According to Tena Petix, humane officer for the city, Slicer's journey began on a Sunday evening when young Sando was on his way to church at Slicer Street Church of Christ. He noticed that there was a young dog by the side of the road that had apparently been hit by a car. Thinking quickly, Sando went inside the church and informed Officer Marc Blankenship, a member of his church as well as the DARE officer in the city, of the situation. Blankenship, in turn, contacted Petix regarding the animal.
"We immediately came out. She'd been hit by a car and she had two fractures to the leg which at the time we didn't realize, we thought the problem was just the breaks. She was taken to Dr. [Billy] Embry (veterinarian with Ken-Mo Veterinary Clinic) here in Kennett. You could tell that she was healing from that [but] we noticed something just wasn't right. He referred me up to his dad, [Dr.] William Embry, at Malden and we did x rays and they thought that maybe she had Patellar Luxation which is where the kneecaps aren't attached," she said, adding, "But it ended up that wasn't the case." She noted that after the diagnosis, the Humane Department brought her back to Kennett and took her to Dr. Everett Mobley (veterinarian with Kennett Veterinary Clinic) and he did some more expensive x rays and then he consulted with a doctor out of Cape [Girardeau] that was an orthopedic veterinarian. The diagnosis: no kneecaps.
During this time, a search for a rescue had been launched.
Petix noted that the bones in one leg is so deformed to the point that surgery is not a consideration. The other leg possibly could be operated on but the surgery is very expensive, in the neighborhood of $5,000 to $7,000.
She added that wheels are an option where a wheelchair is actually fitted to the dog.
"Dr. Mobley had checked in on that and we were going to see if we could get a rescue to step up and take her. We were going to see if we couldn't at least get her he wheels until we could either find a private adopter or let her live at the Humane Department," Petix added.
During this time, Slicer had been a foster dog of Jade and George Anderson, who have helped the Humane Department out in the past. Slicer resided with them for the past few months while the department searched for a rescue that would take her.
When asked how Secondhand Snoots Rescue became aware of Slicer's plight, Petix noted that volunteer and animal lover, Kayla Gozell, helps to coordinate the rescues with the different agencies. She had been in touch with those rescues who handle handicapped dogs as well as posting on Facebook. A time could not be decided upon for transport, so the President and Co-Founder of the rescue, Erica Brown, decided to drive down and pick up Slicer herself.
Petix noted that the article which was initially written about the incident went viral. She added that the department had received donations from the Virgin Islands, Canada, and Oregon.
"It's been not one person but it's been everybody, starting with Hayden and all of it," she said.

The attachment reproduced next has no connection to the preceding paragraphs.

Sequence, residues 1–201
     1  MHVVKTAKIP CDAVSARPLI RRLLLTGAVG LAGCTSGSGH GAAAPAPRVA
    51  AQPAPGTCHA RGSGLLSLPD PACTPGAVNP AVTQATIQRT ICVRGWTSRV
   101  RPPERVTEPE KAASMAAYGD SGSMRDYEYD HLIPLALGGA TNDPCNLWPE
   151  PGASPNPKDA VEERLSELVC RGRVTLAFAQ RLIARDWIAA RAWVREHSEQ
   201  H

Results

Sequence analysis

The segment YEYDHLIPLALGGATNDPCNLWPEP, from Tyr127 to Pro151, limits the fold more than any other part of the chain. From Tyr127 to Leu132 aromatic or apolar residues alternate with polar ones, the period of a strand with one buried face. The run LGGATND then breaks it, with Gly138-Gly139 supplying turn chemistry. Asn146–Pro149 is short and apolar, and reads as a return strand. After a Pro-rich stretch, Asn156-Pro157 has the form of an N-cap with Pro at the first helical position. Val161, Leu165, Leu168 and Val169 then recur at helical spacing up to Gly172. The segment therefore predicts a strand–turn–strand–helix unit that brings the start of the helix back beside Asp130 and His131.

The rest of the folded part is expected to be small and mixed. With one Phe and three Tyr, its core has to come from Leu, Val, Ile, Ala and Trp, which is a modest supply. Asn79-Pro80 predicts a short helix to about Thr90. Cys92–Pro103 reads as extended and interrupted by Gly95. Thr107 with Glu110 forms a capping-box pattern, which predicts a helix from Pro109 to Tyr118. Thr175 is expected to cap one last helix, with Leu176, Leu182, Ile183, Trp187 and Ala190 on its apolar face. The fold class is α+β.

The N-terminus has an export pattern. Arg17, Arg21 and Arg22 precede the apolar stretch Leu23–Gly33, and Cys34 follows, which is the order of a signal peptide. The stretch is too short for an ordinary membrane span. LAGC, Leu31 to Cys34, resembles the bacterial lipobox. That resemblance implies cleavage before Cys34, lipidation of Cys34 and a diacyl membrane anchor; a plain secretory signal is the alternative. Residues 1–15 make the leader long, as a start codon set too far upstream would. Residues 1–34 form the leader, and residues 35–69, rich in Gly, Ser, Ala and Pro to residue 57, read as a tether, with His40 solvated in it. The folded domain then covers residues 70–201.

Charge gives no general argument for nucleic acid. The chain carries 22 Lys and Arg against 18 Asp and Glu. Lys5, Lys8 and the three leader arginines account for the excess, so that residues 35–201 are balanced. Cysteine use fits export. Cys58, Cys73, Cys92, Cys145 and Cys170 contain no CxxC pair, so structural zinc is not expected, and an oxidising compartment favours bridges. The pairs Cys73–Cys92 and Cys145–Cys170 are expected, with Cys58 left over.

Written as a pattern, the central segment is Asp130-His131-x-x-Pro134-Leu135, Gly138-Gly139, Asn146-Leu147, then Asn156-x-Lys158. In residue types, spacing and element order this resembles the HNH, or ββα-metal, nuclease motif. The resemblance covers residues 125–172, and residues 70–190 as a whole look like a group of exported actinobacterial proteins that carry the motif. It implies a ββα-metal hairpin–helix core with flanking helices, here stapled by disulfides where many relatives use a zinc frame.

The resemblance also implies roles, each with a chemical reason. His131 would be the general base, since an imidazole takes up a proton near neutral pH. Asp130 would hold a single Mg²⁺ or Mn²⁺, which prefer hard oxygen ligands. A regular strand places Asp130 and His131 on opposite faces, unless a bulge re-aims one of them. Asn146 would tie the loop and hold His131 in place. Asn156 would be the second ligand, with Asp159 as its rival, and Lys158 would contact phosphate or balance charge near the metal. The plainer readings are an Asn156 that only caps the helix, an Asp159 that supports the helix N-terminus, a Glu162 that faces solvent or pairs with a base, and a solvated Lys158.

Before Slicer could be transported she had to get a health certificate showing an update on her shots from Dr. Embry which would also allow her to be transported over state lines. The Sandos donated the money for the certificate.
Everything was finally in order for the transport when the Browns rolled into Kennett on Monday, Jan. 7, 2013. On hand to bid Slicer farewell on her journey were her foster parents, members from the Sando family as well as many of the volunteers who worked tirelessly to make this day happen.
When asked what the plans for Slicer were when she arrives at her destination, Brown noted that she would be going to their canine rehabilitation facility where she would undergo water therapy and other exercises that would help keep her muscles strong.
"She will be evaluated by our vet and we'll come up with a plan for her which, initially, my guess is that we're going to get her into a wheelchair cart. If she is eligible and qualifies for surgery, it can't happen until she's full grown. Initially, my best guess is she'll go into a wheelchair. She's going to get a lot of rehab and therapy that will help keep her muscles strong because, otherwise, everything will deteriorate. Surgery would be pointless because she wouldn't be able to walk anyway because she'd be so weak. So, we want to stay ahead of the game and then adopt her out. If I were to find an adopter sooner than later for her that would be an appropriate home and could work with her medical needs, then she could go to a home. She could, in theory, go to an adopted home tomorrow and the rescue would continue to support her needs."
Slicer, a young dog on her way to a happier tomorrow because of one small boy and countless volunteers who gave of their time to help.
For those who would like to continue helping Slicer, please send donations to P.O. Box 7798, Gurnee, Ill., 60031. For those who wish to support the Kennett Humane Shelter, send donations to 200 East Second Street, Kennett, Mo., 63857. Donations are always put to good use. There are also accounts set up at Ken-Mo Veterinarian Clinic as well as Kennett Veterinary Clinic for the animals' care.